During a three-day blizzard I was struggling over waist-deep drifts and getting stuck. So I started digging a narrow path through them, which by the time I returned was usually half filled with wind blown snow, and by the time I had to go out again it was indiscernible where I had dug before.  Thankfully the blizzard ended, and we cleared paths for our trucks and feet.

The weather turned fair and chores became easier.  Paths were formed, and as long as I stuck to the path it was clear sailing and easy.  The snow packed down and it was easy to forget the trials of the blizzard, until the next one hit and formed drifts over my path.  Then it became treacherous as I tried to rediscover my route to the corrals.  The landscape had shifted and snow was deceptive.

What looked solid wasn’t.

What looked soft was hard.

It took persistence and consistency to recreate a good path.  The weather cleared and life was easy again.  The path was defined and solid.  And then it snowed again.

I’m sure it’s going to do this all winter.  My path is going to get defined and then lost–recreated and adapted.

That’s life in a nutshell.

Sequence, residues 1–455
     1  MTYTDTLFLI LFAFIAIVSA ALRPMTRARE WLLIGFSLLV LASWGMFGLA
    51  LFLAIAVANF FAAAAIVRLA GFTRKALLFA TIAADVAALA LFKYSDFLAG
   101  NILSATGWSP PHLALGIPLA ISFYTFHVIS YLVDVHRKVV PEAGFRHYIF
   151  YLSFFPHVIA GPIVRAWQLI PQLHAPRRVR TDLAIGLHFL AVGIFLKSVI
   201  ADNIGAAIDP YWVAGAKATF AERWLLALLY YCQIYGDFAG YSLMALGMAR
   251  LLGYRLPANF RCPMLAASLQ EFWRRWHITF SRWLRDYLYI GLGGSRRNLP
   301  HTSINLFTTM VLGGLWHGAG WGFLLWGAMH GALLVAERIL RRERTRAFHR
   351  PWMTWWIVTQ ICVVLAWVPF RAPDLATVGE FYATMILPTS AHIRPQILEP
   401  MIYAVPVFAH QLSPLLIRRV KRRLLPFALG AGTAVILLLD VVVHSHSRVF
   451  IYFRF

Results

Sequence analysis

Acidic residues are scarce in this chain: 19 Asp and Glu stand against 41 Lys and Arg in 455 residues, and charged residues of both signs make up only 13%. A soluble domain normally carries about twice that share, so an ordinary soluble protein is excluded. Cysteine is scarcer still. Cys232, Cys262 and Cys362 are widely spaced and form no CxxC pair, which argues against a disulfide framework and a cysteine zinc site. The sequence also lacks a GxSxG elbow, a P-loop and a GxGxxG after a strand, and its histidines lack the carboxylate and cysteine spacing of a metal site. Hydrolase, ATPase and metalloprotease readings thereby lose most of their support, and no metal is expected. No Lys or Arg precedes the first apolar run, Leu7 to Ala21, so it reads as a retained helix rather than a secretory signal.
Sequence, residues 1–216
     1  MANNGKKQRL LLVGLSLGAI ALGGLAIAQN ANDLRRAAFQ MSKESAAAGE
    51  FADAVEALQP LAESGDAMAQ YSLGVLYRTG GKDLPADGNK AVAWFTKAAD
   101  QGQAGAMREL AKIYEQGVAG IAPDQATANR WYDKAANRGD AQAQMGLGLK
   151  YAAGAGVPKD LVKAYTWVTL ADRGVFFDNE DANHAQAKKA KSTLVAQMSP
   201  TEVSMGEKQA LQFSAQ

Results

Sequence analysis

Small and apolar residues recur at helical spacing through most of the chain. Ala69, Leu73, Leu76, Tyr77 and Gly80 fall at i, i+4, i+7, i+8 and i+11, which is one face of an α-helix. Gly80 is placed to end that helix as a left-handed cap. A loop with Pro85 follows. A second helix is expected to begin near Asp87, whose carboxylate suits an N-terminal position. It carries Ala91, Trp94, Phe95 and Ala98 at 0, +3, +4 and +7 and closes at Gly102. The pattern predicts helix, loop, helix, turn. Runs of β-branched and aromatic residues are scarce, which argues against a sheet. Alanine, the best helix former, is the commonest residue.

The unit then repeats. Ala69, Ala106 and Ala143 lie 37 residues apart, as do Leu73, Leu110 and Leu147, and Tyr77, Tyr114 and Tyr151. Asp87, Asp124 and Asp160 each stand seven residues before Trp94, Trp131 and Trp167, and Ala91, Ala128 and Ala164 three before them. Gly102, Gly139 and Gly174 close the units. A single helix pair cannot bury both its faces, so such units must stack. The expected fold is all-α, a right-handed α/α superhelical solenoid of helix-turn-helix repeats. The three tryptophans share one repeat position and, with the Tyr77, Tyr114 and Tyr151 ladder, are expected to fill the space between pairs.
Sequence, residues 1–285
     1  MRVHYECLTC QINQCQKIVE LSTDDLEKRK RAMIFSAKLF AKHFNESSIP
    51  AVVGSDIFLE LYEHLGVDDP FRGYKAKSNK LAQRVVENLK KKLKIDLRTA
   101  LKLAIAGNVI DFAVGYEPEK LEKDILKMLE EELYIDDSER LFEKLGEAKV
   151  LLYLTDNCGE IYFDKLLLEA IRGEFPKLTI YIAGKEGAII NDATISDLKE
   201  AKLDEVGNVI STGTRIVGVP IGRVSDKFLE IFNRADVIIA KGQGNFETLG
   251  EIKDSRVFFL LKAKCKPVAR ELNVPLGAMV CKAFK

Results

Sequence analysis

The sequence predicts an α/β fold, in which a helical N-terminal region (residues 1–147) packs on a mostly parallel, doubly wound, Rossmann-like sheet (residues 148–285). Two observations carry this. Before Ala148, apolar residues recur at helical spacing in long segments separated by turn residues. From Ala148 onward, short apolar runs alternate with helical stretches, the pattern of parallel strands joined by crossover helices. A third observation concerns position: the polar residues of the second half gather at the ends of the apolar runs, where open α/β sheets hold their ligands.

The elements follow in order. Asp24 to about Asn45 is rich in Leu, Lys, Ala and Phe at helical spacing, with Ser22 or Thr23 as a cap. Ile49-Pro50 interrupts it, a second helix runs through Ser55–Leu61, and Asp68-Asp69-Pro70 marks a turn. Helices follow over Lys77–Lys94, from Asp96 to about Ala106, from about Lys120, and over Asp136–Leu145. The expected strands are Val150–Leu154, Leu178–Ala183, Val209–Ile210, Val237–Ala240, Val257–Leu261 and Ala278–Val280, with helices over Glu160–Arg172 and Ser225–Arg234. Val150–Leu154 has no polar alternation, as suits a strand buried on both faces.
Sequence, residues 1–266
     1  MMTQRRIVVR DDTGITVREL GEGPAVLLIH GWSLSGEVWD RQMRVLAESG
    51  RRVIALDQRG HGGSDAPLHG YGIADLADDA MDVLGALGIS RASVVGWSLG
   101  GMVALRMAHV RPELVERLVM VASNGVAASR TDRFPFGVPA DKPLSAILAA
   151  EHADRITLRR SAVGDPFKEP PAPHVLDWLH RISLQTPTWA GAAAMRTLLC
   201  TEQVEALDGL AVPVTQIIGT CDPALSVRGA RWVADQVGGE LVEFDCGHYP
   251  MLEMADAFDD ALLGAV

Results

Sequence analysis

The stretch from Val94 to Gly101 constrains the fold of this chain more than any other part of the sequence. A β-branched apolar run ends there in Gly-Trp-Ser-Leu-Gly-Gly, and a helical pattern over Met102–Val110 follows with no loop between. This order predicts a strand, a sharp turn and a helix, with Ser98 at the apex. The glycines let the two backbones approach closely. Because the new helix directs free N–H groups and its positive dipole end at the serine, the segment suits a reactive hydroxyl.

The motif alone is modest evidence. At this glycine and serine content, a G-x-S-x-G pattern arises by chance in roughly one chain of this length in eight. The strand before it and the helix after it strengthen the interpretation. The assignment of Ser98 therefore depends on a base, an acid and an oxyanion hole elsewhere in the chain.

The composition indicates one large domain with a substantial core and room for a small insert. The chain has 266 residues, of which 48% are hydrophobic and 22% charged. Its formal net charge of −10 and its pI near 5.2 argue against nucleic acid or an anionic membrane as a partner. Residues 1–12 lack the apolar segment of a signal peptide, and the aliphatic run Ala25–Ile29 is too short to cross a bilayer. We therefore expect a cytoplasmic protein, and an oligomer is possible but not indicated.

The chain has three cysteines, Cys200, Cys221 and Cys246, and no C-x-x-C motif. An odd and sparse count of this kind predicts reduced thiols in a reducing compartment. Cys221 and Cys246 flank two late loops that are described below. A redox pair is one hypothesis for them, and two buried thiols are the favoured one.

My narrow path through the snow drift to the corral.

My narrow path through the snow drift to the corral.

It’s also a picture of my spiritual journey.  I start out creating a path on what I know and what is familiar. Then life happens, wind blows, storms rage.  Snow falls and my world is tossed upside down.  Nothing looks the same.  God doesn’t look the same.  My foundations appear to have shifted.  I flounder and struggle my way forward and suddenly I’ve created a path and I’ve found my way, my life becomes calmer and easier.  Sometimes boring and maybe mind-numbing and then again I am hit with turmoil or maybe things that shake my perceptions, my beliefs; maybe stuff that was too hard to comprehend before is added; maybe things I couldn’t approach before now confronts me head on; or I can no longer believe things in the same way I have before. More “snow” has fallen over my path and the way is hard to discern and I often fall off what was firm into what is soft and it’s a struggle to redefine my path again.   And sometimes I want to give up because the work is too hard and sometimes I create new paths and sometimes I make holes by shoveling it all back and starting afresh.  I keep trying to find the firm foundation that keeps getting narrower and harder to stay on top of after every “snow fall”.

I find myself yelling at my son as he forges a new path through soft snow–struggling and getting stuck and laughing and forging forward.

“Stick to the path, it’s easier!”

And he calls back “But I wanna see what’s over here.”